Protest cuts output at German coal plant: A group of 40 climate activists blocked the coal storage area, conveyor system and rail access to LEAG’s 3000 MW lignite-fired Janschwalde plant, resulting in halving power generation for the day. LEAG, which is half-owned by the Czech power utility EPH, is seeking approval to recommission two 535 MW units at the plant designated as an emergency reserve before Russia invaded Ukraine. However, environmental groups have lodged a legal appeal against restarting the units as they do not comply with pollution standards. The Brandenburg environmental regulator has yet to finalise its decision on the application. (Deutsche Welle, Globe Echo)

European Union’s softens sanctions on Russian coal exports: The European Commission has backtracked from its mid-September announcement that European Union sanctions included the provision of insurance, financing and transhipment of Russian coal to third parties. In a new guidance note, the EC stated services facilitating the trade of Russian coal to non-EU countries “should be allowed to combat food and energy insecurity around the world.” A commission spokesperson said the EU “is fully committed to avoiding that its sanctions unduly impact trade in critical items to third countries around the globe.” However, the inclusion of coal has prompted diplomats to express concern that the changes go beyond food security and weaken sanctions on Russian commodities. (Bloomberg, Reed Smith, European Commission)

Indonesia dilutes its restrictions on new coal plants: A regulation by Indonesian President Joko Widodo has watered down the government’s earlier commitment to ban new coal plants by allowing the construction of new units if they are captive power supply to metal smelters. The new regulation also allows the construction of new coal units if they are designated nationally strategic projects “capable of creating jobs and boosting the domestic economy.” The Indonesian Government is promoting the downstream processing of nickel ore with up to 15,000 MW of proposed coal capacity tied to these plants or steel projects. A third exemption from the ban on new coal plants is for projects where the developers commit to cutting greenhouse gas emissions by 35 per cent within a decade. Coal utilities have promoted the possibility of emissions reductions by co-firing coal units with biomass, ammonia or carbon capture and storage. (Bloomberg)

Alarm at Engie’s rehabilitation plan for Australian mine: Reports by two independent consultants have challenged the rehabilitation plan favoured by Engie to flood the Hazelwood mine pit without first removing coal ash stored in the mine. Consulting geologist and hydrogeologist Steven Campbell estimates the ash will leach heavy metals and other toxins into the proposed lake. He stated installing a cap on the coal ash dump would be ineffective in preventing toxic pollutants from mobilising. He argues that Engie should remove the waste before flooding the mine pit. In a separate report, geophysicist Dr David Chambers argued the coal ash should be removed and stored in a properly lined pit. He suggests Engie should fill the pit with solid fill to a level well above where it would be in contact with groundwater. Engie reports do not consider removing the coal ash waste from the site or storage in a lined facility. (ABC News, Environmental Justice Australia)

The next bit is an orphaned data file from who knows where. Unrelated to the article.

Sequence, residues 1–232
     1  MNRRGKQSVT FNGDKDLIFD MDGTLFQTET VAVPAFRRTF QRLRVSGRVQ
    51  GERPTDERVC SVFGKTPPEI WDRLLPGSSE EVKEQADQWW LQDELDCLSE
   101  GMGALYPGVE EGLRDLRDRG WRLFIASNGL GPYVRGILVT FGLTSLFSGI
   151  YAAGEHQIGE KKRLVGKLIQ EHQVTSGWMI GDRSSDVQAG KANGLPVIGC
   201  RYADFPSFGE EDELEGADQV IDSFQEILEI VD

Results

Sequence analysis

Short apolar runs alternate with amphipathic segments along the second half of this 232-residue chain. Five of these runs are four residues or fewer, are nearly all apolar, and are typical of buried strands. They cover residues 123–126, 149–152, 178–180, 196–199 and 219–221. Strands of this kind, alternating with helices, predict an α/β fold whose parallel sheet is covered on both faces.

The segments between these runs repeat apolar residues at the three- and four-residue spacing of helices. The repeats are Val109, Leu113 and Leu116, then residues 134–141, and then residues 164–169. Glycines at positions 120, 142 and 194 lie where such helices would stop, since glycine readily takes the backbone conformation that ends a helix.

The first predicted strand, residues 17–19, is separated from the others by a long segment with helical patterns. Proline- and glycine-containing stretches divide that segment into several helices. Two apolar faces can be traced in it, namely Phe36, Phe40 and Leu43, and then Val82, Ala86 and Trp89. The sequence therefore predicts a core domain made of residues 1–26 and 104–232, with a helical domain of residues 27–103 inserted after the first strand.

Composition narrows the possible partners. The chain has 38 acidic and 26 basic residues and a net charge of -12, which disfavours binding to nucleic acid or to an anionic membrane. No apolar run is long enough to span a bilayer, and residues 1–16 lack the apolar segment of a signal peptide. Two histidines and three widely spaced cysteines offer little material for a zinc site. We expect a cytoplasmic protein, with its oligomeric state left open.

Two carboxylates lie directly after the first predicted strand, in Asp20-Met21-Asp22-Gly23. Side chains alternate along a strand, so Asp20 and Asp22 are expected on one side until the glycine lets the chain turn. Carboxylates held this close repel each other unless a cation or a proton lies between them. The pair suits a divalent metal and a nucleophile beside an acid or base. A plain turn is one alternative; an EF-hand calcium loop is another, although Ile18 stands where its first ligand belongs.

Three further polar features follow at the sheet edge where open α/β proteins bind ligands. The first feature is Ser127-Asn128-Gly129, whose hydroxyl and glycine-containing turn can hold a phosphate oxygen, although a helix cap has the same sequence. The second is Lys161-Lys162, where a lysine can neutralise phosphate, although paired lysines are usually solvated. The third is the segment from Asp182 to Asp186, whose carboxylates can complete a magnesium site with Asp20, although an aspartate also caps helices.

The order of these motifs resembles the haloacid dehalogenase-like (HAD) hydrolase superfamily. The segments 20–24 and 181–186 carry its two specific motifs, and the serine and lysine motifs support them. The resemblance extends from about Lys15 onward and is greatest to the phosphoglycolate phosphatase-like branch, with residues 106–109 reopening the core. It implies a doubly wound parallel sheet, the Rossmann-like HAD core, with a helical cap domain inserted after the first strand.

Australia: NSW Environment Protection Authority has ordered Peabody Energy to clean up the coal sludge from the Metropolitan coal mine that has polluted a tributary of the Hacking River.

Australia: Czech power utility Sev.en buys Delta Electricity which operates 1320 MW Vales point power station. The plant is scheduled to be decommissioned by 2029, but Delta has claimed it could run until 2049.

Brazil: Engie sells its 345 MW Pampa Sul coal plant to investment funds Grafito and Perfin Space X for US$424 million.

Canada: Strike action closes the Westshore coal terminal, which exports coal from Canadian and US mines.

Canada: Hundreds of yoga teachers challenge sportswear company lululemon, which sources about half of its electricity from coal plants in Taiwan and China.

Finland: After the failure of Fortum’s bid to have its 560 MW Meri-Pori coal plant kept in the peak-load reserve capacity pool, it announced it plans to return the unit to commercial service.

India: The Central Bureau of Investigation has filed corruption and other charges against subsidiaries of the RP-Sanjiv Goenka group over the allocation of the Deocha Pachami, Tara West, Mahan and South Dadhu coal blocks between 1993 and 1995.

South Africa: Fire engulfs Seriti Resources conveyor carrying coal from the Kriel mine to Eskom’s adjoining power station.

US: National Transportation Safety Board found a Southern Towing Company’s barge was responsible for a November 2021 accident that resulted in six loaded coal wagons falling into the Mississippi River in Iowa.

Companies + Markets